2. AC Voltage Standards: The quantum standard for ac voltage is the NIST Josephson Arbitrary Waveform Synthesizer (JAWS). The Synthesizer produces sine waves, multi-tone signals, and arbitrary waveforms with quantum accurate and calculable voltages at frequencies up to 1 MHz by digitally programming the quantum states of 25,600 Josephson junctions connected in series. Over the past 3 years improvements in circuit design and fabrication, packaging, and pulse-bias techniques have quadrupled the output voltage to 1 V root-mean-square (RMS) (1.4 V peak amplitude) over an operating current range greater than 2 mA. Quantum Voltage Project researchers recently demonstrated the capabilities of the system by synthesizing a 1 Hz sine wave useful for ac voltage calibrations and a two-tone waveform at kilohertz frequencies that can be used for inter-modulation measurements of analog-to-digital converters. Based on these advances, researchers are completing development of the new 1 V JAWS system, which contains a single cryopackaged 1V chip with 51,200 Josephson junctions, operated by customized pulse-bias electronics. This first in the world system is slated for delivery to the ac voltage calibration laboratory at the U.S. Army Primary Standard Laboratory in September, 2015.
3. Precision Electronic Measurement of Boltzmann's Constant: The Quantum Voltage Project is applying quantum-based voltage waveform synthesis to a precision measurement of Boltzmann’s constant kB by developing a primary temperature standard based on the electrical measurement of the Johnson-Nyquist voltage noise of a resistor at the triple-point temperature of water. Just as the measurement of Planck’s constant h by the NIST watt-balance experiment will soon replace the international kilogram artifact standard with an “electronic kilogram”, the NIST Johnson Noise Thermometer (JNT) may eventually replace the large collection of temperature fixed points (temperature artifact standards) that define the ITS-90 thermodynamic temperature scale. Most importantly, JNT is providing a unique electronic measurement of the Boltzmann constant, which is important for the ‘New SI’ (New International System) redefinition that is anticipated in 2017. The value of kB is presently determined exclusively by acoustic gas thermometry measurements, so it is very important to have an alternative determination using an entirely different physical measurement technique, such as the electronic technique of JNT. NIST published the first electrical measurement of Boltzmann’s constant in 2010, which contributed to CODATA and agreed with the previous SI-assigned temperature of +0.5 μK/K ± 12 μK/K. The most recent JNT measurement resulted from a 2014 NIST collaboration with NIM China, which reduced the combined measurement uncertainty to ~4 μK/K. This lower-uncertainty result was accomplished by a new pulse-bias technique for the quantum voltage waveform synthesizer that reduces some frequency-dependent systematic error signals and improved modelling of the frequency-dependent fits. We anticipate further improvement in the uncertainty on kB based on new measurements at NIST within the year.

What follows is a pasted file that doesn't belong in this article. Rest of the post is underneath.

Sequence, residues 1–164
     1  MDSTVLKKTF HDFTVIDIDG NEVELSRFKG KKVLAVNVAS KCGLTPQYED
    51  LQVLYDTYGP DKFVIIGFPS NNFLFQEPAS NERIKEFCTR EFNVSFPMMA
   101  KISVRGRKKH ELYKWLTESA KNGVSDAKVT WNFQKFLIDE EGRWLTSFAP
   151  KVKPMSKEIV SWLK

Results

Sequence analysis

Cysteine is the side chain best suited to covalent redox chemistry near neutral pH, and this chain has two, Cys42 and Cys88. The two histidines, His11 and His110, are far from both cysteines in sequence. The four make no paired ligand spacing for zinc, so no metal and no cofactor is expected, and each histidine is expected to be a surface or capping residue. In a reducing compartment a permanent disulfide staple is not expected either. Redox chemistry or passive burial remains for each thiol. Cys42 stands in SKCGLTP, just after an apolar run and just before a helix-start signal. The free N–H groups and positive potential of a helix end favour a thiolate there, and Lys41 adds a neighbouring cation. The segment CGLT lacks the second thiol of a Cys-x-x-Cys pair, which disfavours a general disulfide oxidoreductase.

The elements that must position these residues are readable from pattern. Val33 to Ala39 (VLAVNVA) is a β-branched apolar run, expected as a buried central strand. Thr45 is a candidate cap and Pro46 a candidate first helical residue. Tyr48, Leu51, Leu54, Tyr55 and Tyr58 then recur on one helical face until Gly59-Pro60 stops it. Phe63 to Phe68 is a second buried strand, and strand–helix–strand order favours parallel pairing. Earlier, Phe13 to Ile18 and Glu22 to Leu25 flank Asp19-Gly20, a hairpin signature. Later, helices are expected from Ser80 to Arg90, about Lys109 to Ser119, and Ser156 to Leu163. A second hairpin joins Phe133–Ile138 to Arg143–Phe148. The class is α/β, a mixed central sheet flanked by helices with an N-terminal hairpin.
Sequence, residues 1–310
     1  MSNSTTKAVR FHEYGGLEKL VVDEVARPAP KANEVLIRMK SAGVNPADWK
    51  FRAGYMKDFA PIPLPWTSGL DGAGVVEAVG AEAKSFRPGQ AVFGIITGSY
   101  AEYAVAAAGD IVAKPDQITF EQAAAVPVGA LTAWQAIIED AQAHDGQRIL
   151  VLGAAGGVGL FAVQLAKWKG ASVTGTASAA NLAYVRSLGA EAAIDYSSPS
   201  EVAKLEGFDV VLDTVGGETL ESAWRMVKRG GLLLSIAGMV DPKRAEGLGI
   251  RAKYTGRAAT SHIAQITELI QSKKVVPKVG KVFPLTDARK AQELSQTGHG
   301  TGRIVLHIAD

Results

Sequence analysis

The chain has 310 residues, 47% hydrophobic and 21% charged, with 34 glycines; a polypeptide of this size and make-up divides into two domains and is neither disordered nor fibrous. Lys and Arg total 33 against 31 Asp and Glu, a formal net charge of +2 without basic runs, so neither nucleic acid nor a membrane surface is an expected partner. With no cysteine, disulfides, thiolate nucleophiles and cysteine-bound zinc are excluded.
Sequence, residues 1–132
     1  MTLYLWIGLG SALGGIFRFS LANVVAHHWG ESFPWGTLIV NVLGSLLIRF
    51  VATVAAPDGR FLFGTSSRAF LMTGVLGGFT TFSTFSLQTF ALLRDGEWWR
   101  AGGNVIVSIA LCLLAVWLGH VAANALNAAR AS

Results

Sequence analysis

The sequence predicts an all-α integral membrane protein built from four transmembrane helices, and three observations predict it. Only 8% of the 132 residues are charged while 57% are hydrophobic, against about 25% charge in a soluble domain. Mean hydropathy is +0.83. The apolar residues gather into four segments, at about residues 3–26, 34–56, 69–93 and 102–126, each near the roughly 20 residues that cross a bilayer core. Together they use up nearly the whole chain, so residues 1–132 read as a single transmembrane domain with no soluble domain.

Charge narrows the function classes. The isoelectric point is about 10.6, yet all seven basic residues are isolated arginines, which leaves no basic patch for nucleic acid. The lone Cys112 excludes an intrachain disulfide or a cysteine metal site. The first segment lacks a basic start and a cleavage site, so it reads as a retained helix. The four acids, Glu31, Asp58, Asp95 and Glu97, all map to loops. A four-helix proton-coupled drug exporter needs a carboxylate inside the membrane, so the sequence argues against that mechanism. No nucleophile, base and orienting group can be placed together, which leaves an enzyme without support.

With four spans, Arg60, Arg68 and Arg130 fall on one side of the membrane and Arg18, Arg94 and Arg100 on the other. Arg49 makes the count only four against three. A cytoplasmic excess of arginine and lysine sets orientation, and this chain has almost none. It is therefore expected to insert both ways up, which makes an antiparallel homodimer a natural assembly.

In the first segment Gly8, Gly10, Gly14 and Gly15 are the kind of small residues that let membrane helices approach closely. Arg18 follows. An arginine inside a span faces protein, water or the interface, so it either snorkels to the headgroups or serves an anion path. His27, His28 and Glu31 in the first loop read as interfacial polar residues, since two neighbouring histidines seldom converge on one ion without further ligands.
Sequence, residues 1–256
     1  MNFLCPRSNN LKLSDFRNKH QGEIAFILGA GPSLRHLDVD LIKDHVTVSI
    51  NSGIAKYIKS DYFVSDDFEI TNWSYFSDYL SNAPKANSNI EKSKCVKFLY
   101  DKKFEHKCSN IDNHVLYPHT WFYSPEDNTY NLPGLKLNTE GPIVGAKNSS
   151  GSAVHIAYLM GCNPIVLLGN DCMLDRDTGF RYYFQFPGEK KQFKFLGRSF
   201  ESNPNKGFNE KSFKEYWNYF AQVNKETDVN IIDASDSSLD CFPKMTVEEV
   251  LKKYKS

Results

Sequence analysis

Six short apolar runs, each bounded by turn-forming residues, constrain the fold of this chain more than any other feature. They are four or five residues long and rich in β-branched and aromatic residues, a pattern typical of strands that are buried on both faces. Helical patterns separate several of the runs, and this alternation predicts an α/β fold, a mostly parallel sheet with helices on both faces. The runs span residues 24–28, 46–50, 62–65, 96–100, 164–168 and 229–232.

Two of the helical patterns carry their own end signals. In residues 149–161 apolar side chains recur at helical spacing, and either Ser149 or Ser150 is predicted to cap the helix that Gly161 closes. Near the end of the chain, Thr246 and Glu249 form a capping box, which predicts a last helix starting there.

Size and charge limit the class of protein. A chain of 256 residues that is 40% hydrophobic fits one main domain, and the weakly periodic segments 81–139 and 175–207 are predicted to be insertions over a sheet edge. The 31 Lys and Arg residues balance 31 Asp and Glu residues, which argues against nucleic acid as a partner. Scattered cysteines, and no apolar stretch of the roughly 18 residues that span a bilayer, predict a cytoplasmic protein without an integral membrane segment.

4. High-end Digital Computing: The Quantum Voltage Project recently joined the three year, IARPA-funded, Cryogenic Computing Complexity (C3) program, whose goal is to demonstrate an energy-efficient, single flux quantum (SFQ) based computer clocked at 10 GHz. NIST’s role in this program is primarily to develop metrology for SFQ logic and cryogenic memory, while the commercial partners develop the device and circuit design expertise. NIST researchers are actively engaged with these commercial partners, providing valuable measurement feedback on initial circuits and diagnostic chips as we continue to augment our measurement infrastructure for the later phases of the program. In addition, NIST has been working with the government-funded C3 chip foundry (MIT-Lincoln Laboratory) to independently verify individual Josephson junction device yields by exploiting our voltage-standard design, fabrication, and testing expertise. Finally, NIST has provided valuable technical evaluation and support to IARPA for both the logic and cryogenic memory thrusts of this project.
5. High-speed Single Flux Quantum Digital Circuits: NIST researchers are pushing the speed of Josephson junctions (JJs) through material science research of the junction barriers. We fabricated static divider SFQ circuits with a-NbxSi1-x and a-Si barriers that increased the critical current density from Jc=3.5 to 85 kA/cm2. For the lower Jc range (3.5 to 17 kA/cm2) we used optical lithography, and for the 85 kA/cm2 JJs we used e-beam lithography. We measured SFQ circuits with a maximum operating speed of 300 GHz by use of intrinsically shunted junctions having sub-micrometer dimensions and an 85 kA/cm2 current density. These results demonstrate that silicide-barrier junctions have the potential to realize high-speed SFQ circuits and higher density circuits because the junctions are small and don’t require external lithographically defined shunt resistors.
Set up the direct JVS comparison between the NRC JVS, Canada, and NIST compact JVS.
Lead Organizational Unit:pml
Samuel Benz, Project Leader